CSS At-Rules

CSS at-rules are a set of rules that provides CSS with instructions on how to apply rules to something specific. Each at-rule statement begins with an at sign (@), followed by an identifier and includes everything up to the next semi-colon (;), or the next CSS block, whichever comes first.
Below you will find a complete list of current CSS at-rules.

The @charset CSS at-rule is used to set the encoding of an external CSS stylesheet. This at-rule is useful when using non-ASCII characters in some CSS properties, like content. For an external style sheet, the browser sequentially looks at the following items to determine the encoding of the style sheet: 1. The encoding that the server gives; 2. @charset rule; 3. the charset attribute of the element (this attribute is deprecated, do not use it). The above list has a clearly defined hierarchy - the higher the item is, the higher its priority. If none of the items are found, the UTF-8 encoding will be assumed.
CSS initially defines a set of useful counter styles. However, while more styles have been added to this set of predefined styles over time, this system has proven to be too restrictive. The rule @counter-style addresses this shortcoming in an open way by allowing authors to define their own spinner styles when the predefined styles don't suit their needs.
The @document CSS at-rule sets rules based on the address of the document. For example, if the addresses of the mobile and the main version of the site are different, then we can set our own style of elements for each version.
The @font-face CSS at-rule allows you to define and use your own custom fonts, thus allowing you to extend the limited set of standard system fonts that are installed by default on a computer, and that browsers can access and use.
The rule @font-feature-values allows the use of a common name in a property font-variant-alternates for functions that are activated differently in OpenType. This can help simplify your CSS when using multiple fonts. The rule @font-feature-values can be used at the top level of your CSS or inside any conditional CSS rule.
The @import CSS at-rule allows you to import the contents of a CSS file into the current style sheet. These rules must precede all other types of rules, except @charset rules; as it is not a nested statement, @import cannot be used inside conditional group at-rules.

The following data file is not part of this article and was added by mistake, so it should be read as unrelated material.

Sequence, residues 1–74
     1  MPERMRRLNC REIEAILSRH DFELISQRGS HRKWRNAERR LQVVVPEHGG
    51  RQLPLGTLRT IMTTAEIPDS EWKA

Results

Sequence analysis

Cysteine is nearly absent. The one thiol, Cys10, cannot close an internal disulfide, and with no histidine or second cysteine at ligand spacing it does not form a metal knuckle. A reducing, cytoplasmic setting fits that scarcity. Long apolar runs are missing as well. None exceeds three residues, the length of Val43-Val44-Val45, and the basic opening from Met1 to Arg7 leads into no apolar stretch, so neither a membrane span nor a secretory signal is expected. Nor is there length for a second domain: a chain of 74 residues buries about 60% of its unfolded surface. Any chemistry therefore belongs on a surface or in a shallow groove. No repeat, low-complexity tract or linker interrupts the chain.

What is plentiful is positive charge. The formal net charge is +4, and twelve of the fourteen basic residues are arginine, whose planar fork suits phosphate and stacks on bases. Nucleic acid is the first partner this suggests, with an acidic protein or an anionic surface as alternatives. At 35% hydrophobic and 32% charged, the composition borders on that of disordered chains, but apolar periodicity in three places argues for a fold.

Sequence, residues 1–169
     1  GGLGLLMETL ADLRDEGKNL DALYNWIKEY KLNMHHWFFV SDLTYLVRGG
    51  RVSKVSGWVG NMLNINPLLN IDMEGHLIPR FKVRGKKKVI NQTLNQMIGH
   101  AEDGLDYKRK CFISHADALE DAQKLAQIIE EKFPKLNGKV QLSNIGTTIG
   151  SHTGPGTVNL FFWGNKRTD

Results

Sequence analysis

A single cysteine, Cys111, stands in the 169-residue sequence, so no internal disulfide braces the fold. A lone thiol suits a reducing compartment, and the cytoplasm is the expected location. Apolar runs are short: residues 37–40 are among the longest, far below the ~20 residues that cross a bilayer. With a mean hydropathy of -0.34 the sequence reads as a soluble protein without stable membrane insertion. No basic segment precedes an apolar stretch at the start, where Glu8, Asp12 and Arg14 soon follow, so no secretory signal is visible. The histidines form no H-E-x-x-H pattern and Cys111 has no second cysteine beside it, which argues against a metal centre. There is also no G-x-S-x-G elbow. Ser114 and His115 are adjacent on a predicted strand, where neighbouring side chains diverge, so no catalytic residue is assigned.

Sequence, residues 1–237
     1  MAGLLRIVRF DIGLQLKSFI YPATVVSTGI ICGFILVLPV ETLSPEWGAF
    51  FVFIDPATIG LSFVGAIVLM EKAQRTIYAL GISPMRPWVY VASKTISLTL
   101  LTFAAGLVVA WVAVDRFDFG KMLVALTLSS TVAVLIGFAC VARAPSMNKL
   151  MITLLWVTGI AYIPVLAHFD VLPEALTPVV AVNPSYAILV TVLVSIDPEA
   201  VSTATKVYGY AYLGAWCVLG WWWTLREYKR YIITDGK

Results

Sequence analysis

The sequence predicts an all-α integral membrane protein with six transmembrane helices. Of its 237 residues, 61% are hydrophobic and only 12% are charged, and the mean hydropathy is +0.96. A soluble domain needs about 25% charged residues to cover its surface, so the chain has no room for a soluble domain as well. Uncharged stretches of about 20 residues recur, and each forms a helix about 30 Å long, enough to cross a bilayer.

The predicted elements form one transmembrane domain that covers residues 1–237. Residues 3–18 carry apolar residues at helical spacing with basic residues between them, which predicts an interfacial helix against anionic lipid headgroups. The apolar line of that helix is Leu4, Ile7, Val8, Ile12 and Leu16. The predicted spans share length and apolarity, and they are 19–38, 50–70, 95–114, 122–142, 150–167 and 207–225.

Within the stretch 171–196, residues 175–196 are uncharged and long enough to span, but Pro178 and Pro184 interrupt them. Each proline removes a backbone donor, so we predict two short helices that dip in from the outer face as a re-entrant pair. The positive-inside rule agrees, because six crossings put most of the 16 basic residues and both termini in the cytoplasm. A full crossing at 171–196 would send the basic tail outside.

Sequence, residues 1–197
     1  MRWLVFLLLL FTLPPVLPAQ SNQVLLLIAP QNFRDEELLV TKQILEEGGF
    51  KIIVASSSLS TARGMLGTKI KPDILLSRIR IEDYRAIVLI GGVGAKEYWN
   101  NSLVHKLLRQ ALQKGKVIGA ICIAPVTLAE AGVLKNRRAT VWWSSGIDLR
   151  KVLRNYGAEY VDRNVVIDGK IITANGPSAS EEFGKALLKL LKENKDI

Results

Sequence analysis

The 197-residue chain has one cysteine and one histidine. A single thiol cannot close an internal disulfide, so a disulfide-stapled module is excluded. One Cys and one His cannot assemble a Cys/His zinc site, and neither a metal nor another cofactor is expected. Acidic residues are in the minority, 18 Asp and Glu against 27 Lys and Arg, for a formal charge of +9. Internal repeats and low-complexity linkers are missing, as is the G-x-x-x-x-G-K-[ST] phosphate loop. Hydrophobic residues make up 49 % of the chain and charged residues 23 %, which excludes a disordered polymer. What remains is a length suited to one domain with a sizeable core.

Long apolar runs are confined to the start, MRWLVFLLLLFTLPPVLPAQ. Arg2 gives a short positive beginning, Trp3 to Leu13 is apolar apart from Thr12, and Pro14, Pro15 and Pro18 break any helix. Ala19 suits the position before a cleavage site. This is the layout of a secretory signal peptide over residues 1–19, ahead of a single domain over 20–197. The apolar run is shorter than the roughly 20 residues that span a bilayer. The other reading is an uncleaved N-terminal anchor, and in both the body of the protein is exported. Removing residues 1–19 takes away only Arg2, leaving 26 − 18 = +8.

The @keyframes CSS at- rule sets keyframes when animating an element. The key frame is the properties of the element (transparency, color, position, etc.), which should be applied to the element at a given point in time. Thus, the animation is a smooth transition of style properties from one key frame to another. The browser takes over the calculation of intermediate values ​​between such frames.
The @media CSS at-rule can be used to apply part of a style sheet based on the result of one or more media queries. With it, you specify a media query and a block of CSS to apply to the document if and only if the media query matches the device on which the content is being used.
The @namespace CSS at-rule declares a namespace prefix and associates it with a given namespace name. It can also be used to declare a (non-prefixed) default namespace.
The @page CSS at-rule allows you to set the value of fields when printing a document or for pages whose media type is set to print. You can only change the margins, orphans, widows, and page breaks of the document. Attempts to change any other CSS properties will be ignored.
The @supports CSS at-rule allows you to check whether a browser supports this or that feature, and based on this create a set of style rules. It is permissible to create complex conditions using the logical operators not, and, or.
The @viewport CSS at-rule lets you configure the viewport through which the document is viewed. It's primarily used for mobile devices, but is also used by desktop browsers that support features like "snap to edge" (such as Microsoft Edge).